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Unused Vacation Days and Why You Should Use Them

My fellow Americans, we have a vacation-time problem. As a workforce, we’ve got among the fewest paid vacation days of any developed country. In fact, we’re one of the only countries that has zero—compare that to 28 days in the U.K., for instance—paid public holidays. But too few vacation days isn’t actually our main problem. The real issue is that we don’t even use all of the vacation days we have. Every year, we’re giving up more than 400 million hard-earned days of beach reading, museum going, adventure trekking, and new-city exploring.

This will not do. Luckily, there’s a solution. It starts with you checking your vacation balance. If you’re among the 51 percent of people Skift recently surveyed, you may have not yet taken a single vacation day in 2014. Yikes.

Taking your vacation time isn’t just financially smart, it’s also a good choice for your health. Study after study proves that vacations are good for you. WebMD says people who take vacations reap health benefits like a lower risk of heart disease, lower stress levels, and a more positive outlook on life. Vacations give people the room to reconnect, recharge, and find new inspiration. Even planning a vacation delivers a big happiness boost that can start up to eight weeks in advance of a trip.

Excuses, Excuses

In many states and at many companies, vacation time can’t be rolled over from one year to the next. Let unused vacation days expire and you’re essentially paying your company for the privilege of working.

And here’s the truth: Unless you’re the only person in the world who can do a certain life-saving and very time-sensitive surgery and you’ve got a line of patients out the door, you can probably take a vacation without everything falling apart.

Worried that it’s too late to pull together a trip before the end of the year? The great news is that, outside of peak holiday periods, November and December tend to brim with travel deals and discounts to places that are great—if a little cold—to visit at this time of year. Need inspiration? Check out our recent stories on the Top Five Off-Peak Destinations and Top Five Bargain Destinations for fall 2014.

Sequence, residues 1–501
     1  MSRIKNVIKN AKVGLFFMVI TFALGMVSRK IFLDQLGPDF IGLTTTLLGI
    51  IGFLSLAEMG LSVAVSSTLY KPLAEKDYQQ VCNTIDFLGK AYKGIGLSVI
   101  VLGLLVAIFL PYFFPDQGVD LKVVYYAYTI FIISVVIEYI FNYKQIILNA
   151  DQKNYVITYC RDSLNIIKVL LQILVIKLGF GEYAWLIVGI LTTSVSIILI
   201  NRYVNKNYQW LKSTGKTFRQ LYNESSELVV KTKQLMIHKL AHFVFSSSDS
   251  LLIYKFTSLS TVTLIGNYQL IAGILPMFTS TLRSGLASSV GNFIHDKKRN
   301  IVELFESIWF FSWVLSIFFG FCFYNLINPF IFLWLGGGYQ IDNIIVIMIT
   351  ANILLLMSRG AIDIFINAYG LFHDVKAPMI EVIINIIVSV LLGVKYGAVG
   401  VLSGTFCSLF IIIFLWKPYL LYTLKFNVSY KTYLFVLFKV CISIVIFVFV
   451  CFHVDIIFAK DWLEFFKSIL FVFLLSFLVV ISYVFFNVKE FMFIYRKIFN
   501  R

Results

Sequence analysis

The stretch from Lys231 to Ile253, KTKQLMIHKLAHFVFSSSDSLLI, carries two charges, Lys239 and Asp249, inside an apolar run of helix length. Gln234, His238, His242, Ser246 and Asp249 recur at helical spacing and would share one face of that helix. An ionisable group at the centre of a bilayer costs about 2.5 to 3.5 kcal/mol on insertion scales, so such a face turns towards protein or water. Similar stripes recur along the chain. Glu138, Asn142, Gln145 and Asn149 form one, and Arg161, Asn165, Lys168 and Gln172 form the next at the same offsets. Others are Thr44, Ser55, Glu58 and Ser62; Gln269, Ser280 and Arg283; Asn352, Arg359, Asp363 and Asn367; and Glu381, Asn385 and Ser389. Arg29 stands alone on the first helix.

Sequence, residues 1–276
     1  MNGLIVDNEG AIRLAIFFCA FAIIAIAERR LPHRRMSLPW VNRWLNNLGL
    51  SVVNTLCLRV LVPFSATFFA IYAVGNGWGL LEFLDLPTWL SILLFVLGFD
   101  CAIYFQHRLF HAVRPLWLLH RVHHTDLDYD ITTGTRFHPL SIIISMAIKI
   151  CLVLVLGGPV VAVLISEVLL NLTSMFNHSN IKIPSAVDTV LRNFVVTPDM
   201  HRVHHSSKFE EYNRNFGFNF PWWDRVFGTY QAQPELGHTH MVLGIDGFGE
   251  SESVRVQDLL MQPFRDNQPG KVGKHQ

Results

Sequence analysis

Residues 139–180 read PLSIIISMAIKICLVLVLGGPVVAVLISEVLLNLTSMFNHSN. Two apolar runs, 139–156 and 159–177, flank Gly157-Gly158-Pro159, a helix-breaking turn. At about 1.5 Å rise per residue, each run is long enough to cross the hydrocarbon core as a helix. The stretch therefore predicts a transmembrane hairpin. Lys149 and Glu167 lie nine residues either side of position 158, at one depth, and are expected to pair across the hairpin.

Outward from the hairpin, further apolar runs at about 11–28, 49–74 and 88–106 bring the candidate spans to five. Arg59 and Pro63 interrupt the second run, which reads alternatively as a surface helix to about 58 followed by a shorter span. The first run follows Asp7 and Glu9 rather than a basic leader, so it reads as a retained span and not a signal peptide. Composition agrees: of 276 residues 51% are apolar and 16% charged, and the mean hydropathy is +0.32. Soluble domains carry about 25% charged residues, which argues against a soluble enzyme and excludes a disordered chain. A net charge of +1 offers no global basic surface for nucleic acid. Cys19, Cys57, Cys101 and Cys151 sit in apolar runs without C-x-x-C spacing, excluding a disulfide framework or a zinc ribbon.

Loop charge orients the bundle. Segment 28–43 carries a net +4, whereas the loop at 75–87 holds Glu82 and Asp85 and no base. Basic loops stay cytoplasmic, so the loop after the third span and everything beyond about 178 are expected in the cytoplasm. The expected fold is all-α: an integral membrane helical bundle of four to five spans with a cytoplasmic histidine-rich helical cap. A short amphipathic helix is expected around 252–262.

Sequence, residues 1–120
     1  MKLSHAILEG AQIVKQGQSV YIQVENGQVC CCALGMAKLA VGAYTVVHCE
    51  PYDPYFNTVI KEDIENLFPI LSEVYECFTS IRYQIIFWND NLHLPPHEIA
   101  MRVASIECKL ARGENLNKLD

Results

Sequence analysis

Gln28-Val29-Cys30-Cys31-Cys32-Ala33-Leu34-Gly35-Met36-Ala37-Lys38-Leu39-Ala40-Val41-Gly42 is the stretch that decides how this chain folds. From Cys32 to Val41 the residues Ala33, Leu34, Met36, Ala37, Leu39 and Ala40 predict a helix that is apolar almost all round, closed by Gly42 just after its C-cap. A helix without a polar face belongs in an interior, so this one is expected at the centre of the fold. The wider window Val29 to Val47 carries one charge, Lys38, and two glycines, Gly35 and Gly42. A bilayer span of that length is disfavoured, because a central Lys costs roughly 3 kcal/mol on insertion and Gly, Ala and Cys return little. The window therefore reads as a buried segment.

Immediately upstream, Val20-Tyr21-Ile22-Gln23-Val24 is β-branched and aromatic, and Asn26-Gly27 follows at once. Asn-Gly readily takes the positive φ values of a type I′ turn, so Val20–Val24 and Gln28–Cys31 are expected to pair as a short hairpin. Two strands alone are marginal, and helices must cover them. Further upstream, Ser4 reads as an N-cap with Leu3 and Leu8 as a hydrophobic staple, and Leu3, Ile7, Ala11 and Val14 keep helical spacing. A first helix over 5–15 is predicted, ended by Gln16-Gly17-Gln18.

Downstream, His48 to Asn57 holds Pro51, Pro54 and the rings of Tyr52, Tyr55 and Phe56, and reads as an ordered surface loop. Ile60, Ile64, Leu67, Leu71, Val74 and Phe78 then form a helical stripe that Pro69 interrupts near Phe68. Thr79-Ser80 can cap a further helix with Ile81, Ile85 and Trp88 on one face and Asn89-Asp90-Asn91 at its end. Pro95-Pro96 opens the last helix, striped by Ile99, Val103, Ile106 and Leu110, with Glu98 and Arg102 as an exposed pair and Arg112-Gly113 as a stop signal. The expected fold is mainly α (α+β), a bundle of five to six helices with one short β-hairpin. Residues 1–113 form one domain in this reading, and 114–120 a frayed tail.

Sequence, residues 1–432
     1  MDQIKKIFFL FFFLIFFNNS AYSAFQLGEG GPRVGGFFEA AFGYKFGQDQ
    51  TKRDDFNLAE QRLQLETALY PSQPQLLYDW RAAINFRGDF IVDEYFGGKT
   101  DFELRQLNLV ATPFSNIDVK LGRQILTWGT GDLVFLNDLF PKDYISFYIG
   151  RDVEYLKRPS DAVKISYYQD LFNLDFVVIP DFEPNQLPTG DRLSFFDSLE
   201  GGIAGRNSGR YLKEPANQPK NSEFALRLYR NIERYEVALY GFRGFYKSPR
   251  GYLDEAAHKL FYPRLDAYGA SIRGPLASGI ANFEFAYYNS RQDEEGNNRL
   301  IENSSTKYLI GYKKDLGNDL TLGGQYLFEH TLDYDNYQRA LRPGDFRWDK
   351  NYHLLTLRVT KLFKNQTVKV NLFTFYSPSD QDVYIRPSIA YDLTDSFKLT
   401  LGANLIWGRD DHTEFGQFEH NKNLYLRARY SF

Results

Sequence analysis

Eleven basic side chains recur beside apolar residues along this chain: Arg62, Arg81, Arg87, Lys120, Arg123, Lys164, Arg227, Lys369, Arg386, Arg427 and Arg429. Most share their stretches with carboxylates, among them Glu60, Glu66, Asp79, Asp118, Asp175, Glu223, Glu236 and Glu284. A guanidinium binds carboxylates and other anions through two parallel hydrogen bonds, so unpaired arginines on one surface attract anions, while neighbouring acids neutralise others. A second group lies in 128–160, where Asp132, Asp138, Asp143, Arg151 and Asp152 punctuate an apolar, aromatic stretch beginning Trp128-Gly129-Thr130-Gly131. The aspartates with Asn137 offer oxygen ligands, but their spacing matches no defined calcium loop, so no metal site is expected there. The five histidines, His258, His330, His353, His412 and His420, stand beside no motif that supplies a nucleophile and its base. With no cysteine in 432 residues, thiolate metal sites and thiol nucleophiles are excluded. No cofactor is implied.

If you really can’t swing a trip before 2015, take the vacation time to do that project you’ve been putting off. On my list this year: a wildly disorganized basement and a writing project I’ve been putting off all year.

Break the Cycle

Make 2015 the year you stop giving away your paid vacation time. Here’s how:

  • Start the year knowing exactly how much vacation time you have and whether you get it as a lump sum in January or you accrue it over the course of the year. If you’ve been at the same company for a few years, remember that you may be entitled to more vacation time.
  • Early in the year, sketch out a tentative vacation timeline. Research the best times to go to the destinations you’re interested in. You may also need to factor in school vacations, your travel partner’s schedule, and historically quieter times at work, depending on your industry.
  • Check in with your manager well in advance if you want to take time off during a busy work period or a popular vacation month. Do you need to do this? No. But it’s a way of getting your vacation on your manager’s radar early, and it can help manage workflow expectations during your anticipated absence.
  • Check in on your vacation-time balance at intervals throughout the year to see how you’re doing. Don’t wait until November 1 to realize you’ve got more vacation time than work hours left in the year.
  • Remember how wonderful it is to take a break from daily life.

(Photo: Woman Taking Photo at Sunset via Shutterstock)

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